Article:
Friday, July 08, 2016

Understanding Vocal Resonators

Each resonator (Pharynx, nose and third) has a different sound. The lower resonator, Pharynx, creates a more edgy tone associated with the 'Chest Voice' timbre. The upper resonator (Nasal cavity) creates a softer and more flute-like sound. The third (front) resonator adds a strong sharp or 'bright' component to the voice.

Speech is usually resonated in quite random places within the vocal tract in accordance with the speaker's accent.

Singing voice is defined by the fact that it uses both lower and upper resonator. (Sometimes referred to as 'First and Second' resonators respectively.)

Falsetto occurs when the lower resonator collapses or otherwise ceases to function and we produce only the sound of the upper resonator.

When we shut off the upper resonator, through habit or intention, we produce sound only from the lower resonator. This creates a 'shouty' sound or 'speak-singing'.

The third resonator is a temporary one which we set up in the mouth (as opposed to the pharynx or nasal cavity) which alters the sound produced in the first / second resonator combo to produce the acute vowels.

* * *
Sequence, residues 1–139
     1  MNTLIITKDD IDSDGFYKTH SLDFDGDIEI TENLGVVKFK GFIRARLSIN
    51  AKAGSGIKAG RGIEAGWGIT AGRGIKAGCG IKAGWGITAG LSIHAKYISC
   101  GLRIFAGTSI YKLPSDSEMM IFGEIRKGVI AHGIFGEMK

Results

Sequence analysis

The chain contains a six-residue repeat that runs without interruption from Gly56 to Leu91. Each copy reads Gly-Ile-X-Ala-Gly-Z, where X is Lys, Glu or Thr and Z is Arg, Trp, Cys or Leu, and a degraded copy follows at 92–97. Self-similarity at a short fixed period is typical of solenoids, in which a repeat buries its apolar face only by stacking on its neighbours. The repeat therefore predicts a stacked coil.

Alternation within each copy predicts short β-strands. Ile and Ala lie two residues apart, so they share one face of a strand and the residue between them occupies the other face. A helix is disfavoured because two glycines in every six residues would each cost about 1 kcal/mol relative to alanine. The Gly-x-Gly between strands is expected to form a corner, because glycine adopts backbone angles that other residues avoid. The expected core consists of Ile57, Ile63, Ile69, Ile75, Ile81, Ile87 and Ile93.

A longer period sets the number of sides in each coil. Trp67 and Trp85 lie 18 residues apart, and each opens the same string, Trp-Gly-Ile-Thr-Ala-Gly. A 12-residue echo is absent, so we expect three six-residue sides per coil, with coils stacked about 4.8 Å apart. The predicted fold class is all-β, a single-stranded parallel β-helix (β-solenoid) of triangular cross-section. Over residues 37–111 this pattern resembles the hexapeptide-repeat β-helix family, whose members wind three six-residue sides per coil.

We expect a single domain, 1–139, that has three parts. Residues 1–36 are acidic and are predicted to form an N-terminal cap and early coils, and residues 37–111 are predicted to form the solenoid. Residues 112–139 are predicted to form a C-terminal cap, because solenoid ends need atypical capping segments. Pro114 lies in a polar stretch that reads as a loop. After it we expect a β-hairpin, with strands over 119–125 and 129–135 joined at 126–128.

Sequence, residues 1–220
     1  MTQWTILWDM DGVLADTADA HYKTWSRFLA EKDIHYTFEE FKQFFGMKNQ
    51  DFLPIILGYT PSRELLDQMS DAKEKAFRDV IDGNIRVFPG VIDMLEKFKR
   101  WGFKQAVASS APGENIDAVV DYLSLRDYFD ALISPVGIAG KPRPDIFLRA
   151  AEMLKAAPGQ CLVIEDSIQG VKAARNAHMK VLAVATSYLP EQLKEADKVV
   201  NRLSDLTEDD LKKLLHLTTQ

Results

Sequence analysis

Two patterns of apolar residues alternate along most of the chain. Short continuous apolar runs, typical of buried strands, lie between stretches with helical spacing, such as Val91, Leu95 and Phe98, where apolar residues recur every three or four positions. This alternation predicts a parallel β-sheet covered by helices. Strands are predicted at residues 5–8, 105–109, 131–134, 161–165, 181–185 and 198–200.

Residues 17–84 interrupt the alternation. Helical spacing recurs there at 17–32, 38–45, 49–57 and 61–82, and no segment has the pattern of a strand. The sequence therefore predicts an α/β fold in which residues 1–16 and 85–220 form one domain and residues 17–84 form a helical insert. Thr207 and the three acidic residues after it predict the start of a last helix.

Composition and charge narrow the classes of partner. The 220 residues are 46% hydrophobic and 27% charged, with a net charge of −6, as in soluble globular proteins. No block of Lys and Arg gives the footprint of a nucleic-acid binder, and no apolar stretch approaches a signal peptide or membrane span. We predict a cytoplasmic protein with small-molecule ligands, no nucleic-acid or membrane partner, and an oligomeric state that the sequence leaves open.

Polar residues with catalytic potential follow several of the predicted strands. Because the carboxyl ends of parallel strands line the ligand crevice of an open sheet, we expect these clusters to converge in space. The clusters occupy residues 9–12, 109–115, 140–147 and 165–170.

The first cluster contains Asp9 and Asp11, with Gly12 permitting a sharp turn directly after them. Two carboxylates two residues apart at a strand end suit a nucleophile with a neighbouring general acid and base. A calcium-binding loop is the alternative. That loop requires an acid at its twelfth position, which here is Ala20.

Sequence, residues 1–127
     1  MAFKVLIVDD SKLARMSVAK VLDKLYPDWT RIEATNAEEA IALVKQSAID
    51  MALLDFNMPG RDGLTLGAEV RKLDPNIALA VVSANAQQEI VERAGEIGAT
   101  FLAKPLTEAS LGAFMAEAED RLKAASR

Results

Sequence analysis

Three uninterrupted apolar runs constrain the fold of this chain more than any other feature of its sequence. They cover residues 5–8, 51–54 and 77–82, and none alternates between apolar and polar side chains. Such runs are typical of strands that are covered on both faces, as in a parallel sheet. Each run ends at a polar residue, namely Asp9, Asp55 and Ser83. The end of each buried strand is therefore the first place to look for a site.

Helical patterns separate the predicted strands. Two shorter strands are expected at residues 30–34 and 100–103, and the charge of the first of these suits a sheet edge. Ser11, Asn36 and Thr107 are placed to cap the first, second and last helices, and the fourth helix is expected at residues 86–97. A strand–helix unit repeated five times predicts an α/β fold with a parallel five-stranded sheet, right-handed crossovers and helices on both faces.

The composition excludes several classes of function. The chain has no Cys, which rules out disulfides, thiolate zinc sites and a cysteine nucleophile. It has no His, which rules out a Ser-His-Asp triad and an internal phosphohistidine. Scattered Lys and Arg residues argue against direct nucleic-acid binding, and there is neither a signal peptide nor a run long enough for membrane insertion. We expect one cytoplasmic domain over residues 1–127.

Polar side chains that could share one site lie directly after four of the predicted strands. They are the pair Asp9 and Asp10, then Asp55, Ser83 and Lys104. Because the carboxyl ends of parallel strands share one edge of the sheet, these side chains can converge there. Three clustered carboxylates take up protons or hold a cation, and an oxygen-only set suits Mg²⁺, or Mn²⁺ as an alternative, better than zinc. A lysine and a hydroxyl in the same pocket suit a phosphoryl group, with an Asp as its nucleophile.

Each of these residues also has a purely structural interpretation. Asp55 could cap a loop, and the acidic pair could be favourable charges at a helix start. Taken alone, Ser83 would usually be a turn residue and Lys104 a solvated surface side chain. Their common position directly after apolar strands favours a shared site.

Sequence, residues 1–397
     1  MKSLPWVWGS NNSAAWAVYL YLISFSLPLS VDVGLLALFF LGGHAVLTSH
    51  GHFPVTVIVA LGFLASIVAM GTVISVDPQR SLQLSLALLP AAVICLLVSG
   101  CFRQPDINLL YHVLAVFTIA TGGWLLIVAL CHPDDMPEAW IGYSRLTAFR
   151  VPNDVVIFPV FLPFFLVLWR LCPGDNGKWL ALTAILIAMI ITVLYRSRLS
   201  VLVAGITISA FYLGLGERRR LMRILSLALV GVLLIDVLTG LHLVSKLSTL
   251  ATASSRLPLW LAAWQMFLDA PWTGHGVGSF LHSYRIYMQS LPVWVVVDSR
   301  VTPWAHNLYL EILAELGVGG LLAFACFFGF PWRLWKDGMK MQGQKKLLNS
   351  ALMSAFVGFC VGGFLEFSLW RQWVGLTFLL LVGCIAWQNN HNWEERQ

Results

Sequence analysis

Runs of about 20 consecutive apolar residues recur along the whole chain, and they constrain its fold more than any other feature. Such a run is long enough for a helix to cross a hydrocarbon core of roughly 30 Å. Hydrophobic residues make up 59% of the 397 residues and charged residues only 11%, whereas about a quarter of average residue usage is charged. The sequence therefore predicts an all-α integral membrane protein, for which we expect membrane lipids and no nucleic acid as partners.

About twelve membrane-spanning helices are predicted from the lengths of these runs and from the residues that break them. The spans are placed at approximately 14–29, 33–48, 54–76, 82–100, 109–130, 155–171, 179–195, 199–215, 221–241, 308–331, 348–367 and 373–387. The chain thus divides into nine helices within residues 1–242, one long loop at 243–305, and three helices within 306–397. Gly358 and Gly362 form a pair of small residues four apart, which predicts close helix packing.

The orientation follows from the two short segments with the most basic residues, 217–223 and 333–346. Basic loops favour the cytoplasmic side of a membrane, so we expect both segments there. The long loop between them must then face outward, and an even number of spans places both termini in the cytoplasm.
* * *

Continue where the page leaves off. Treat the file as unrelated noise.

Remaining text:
These are all resonator issues and have nothing to do with cord closure.. except that when the resonators are working the cords will tend to close more readily.

Always concentrate on developing (allowing) the correct natural balance between resonators and the rest will follow.

The only way to go after increased range and/or improved access and stability through the bridges is via correct, split resonance production beginning in the lower range.

Any time we shut off a resonator,  we create a future moment at which it will need to activate again. At any such moment there is an artifact: a  'bump' or jerk or disconnection.

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